Gleaming with sweat from her pre-match warm-up exercises, 16-year-old America Morris of San Diego, Calif. paces the perimeter of the wrestling mat, psyching herself into a state of controlled fury. As she and her opponent square off, she is oblivious to every distraction. All that matters now for the Clairemont High School sophomore is contact, the collision of bodies, the straining of limbs, move and countermove. For Morris, exhilaration comes only with victory, which she achieved earlier this season by pinning Madison High School’s Russell Cain, 15, for the mandatory two-second count. Thus did America Morris—affectionately dubbed “studdette” by her boyfriend—become, in all likelihood, the first girl in California, if not the entire U.S., ever to pin a boy in a high school varsity match.
“I jumped up real high,” she recalls. “Everyone crowded around and shook my hand. Even people on the Madison team were cheering. Then Russell came over and I just gave him a hug. I kind of felt bad, not because I pinned him but because of the aftermath, like his getting teased.” Cain, who has since had to endure an excess of static from those of his acquaintance who were not pinned by a girl, says he “froze” when the referee blew the whistle to start the match. “I mistakenly touched her breast,” he says. “I didn’t know what to do. I was in dream time. After that I was really embarrassed…. But I’m not self-conscious now. I learned my lesson.”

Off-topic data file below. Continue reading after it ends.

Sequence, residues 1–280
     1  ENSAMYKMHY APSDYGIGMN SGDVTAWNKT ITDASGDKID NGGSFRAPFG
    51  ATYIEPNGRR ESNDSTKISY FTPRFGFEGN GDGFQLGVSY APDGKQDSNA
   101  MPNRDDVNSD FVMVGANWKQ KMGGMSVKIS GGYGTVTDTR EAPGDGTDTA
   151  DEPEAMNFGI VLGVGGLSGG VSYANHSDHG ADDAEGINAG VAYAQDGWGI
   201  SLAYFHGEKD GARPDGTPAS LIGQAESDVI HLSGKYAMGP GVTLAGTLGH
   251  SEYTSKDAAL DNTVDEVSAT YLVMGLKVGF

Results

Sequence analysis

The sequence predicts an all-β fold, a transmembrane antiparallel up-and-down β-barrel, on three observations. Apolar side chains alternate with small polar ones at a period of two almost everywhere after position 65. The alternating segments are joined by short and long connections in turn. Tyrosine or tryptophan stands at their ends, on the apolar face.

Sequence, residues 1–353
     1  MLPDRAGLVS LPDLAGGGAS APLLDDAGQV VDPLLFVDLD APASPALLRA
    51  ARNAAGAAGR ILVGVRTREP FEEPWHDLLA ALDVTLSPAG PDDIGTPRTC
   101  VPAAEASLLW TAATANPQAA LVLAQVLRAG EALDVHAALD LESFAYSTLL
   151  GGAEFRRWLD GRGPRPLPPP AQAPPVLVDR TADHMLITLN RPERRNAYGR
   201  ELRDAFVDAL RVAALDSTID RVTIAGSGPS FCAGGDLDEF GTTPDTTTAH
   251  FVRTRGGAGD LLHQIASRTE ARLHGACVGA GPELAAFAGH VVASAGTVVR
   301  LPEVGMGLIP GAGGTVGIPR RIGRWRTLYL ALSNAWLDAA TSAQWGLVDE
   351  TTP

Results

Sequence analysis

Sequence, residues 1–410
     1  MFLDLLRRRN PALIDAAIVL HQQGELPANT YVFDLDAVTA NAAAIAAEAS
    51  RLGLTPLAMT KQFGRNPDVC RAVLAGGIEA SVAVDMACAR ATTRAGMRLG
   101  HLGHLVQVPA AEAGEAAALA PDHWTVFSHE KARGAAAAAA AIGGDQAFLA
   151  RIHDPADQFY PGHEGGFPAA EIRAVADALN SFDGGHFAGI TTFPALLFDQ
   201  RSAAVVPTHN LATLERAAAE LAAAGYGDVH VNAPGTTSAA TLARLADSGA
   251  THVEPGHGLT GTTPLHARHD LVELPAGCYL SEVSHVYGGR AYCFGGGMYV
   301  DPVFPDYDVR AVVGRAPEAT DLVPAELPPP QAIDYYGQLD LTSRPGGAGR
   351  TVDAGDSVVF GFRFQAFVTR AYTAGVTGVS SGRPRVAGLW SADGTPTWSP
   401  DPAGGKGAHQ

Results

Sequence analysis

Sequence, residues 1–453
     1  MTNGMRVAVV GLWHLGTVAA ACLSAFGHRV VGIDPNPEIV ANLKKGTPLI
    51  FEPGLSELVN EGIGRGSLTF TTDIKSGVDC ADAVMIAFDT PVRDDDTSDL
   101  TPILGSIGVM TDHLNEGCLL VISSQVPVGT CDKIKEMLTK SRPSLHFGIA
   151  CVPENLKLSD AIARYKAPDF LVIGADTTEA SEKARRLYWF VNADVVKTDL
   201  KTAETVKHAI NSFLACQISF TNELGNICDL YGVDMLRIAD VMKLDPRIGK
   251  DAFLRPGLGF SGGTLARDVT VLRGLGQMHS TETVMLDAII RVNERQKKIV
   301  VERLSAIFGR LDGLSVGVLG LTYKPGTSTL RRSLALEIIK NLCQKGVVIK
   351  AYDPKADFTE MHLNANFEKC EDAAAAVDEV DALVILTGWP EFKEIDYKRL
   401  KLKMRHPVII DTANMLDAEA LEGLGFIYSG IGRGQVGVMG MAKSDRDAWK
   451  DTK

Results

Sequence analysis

Morris’ coach Jerry Knuppel maintains, reasonably, that touching is part of the sport and shouldn’t disturb a wrestler’s concentration. “Her breast,” he says, “is part of her chest, and a chest hold is appropriate.” America’s boyfriend, Derek Magdalik, 18, considers Cain’s alleged reluctance to grope nothing more than “a well-played excuse for losing.” Morris herself admits with a giggle that in the heat of a match it would be perfectly acceptable to grab a guy between the legs. “I’m not going to do it intentionally,” she says. “I don’t think about it, although I know they think about it. Before they wrestle, you can hear them whisper, ‘Grab her here and there, do this, do that.’ But I don’t want to wrestle a guy with that kind of intention because then it’s not wrestling, it’s not a sport.”
Coach Knuppel believes Morris is in a no-win situation. “If she loses,” he says, “it’s because she’s a girl. If she wins, it’s assumed she’s wrestled a weaker, underskilled wrestler.” But at 5’5″ and 107 pounds, Morris outweighed Cain by only two pounds and was ahead on points, 9-4, when she pinned him. Admittedly the trim, blond first-year varsity wrestler has so far won only this once when the other team has been able to field a boy in her weight class. Still, she is nobody’s idea of a pushover. Teammate Joseph Damirjian, the school’s top wrestler in the 175-pound class, notes, “America learns fast. She’s a tough girl.”
More than the bruises, the grueling daily practices and the snickering gawkers, Morris’ toughest challenge may have been coping with the loss of her long hair, which had to be lopped off before she could wrestle. At her first match she had it tied back with a rubber band. “Right there on the spot,” she says, “they got out the surgical scissors and cut a good three inches.” Now her mother, Delia, a beautician who is divorced from America’s father, a dentist, gives her designer cuts more to her liking.
Morris says she started wrestling last November after getting to know some other wrestlers in a conditioning class. Her previous experience of hand-to-hand combat was confined to familial struggles with three older half brothers, her mother’s sons by a first marriage. Today, while professing a love of high heels and expensive dresses, she continues her living room workouts with her 6-foot, 170-pound boyfriend. “I’m like a guinea pig,” Magdalik says. “She’ll try to put moves on me, but she can never pin me.” “No?” challenges Morris. “What did you call that last night?”
Russell Cain, take heart, wherever you are. This woman’s string of conquests may not stop at one.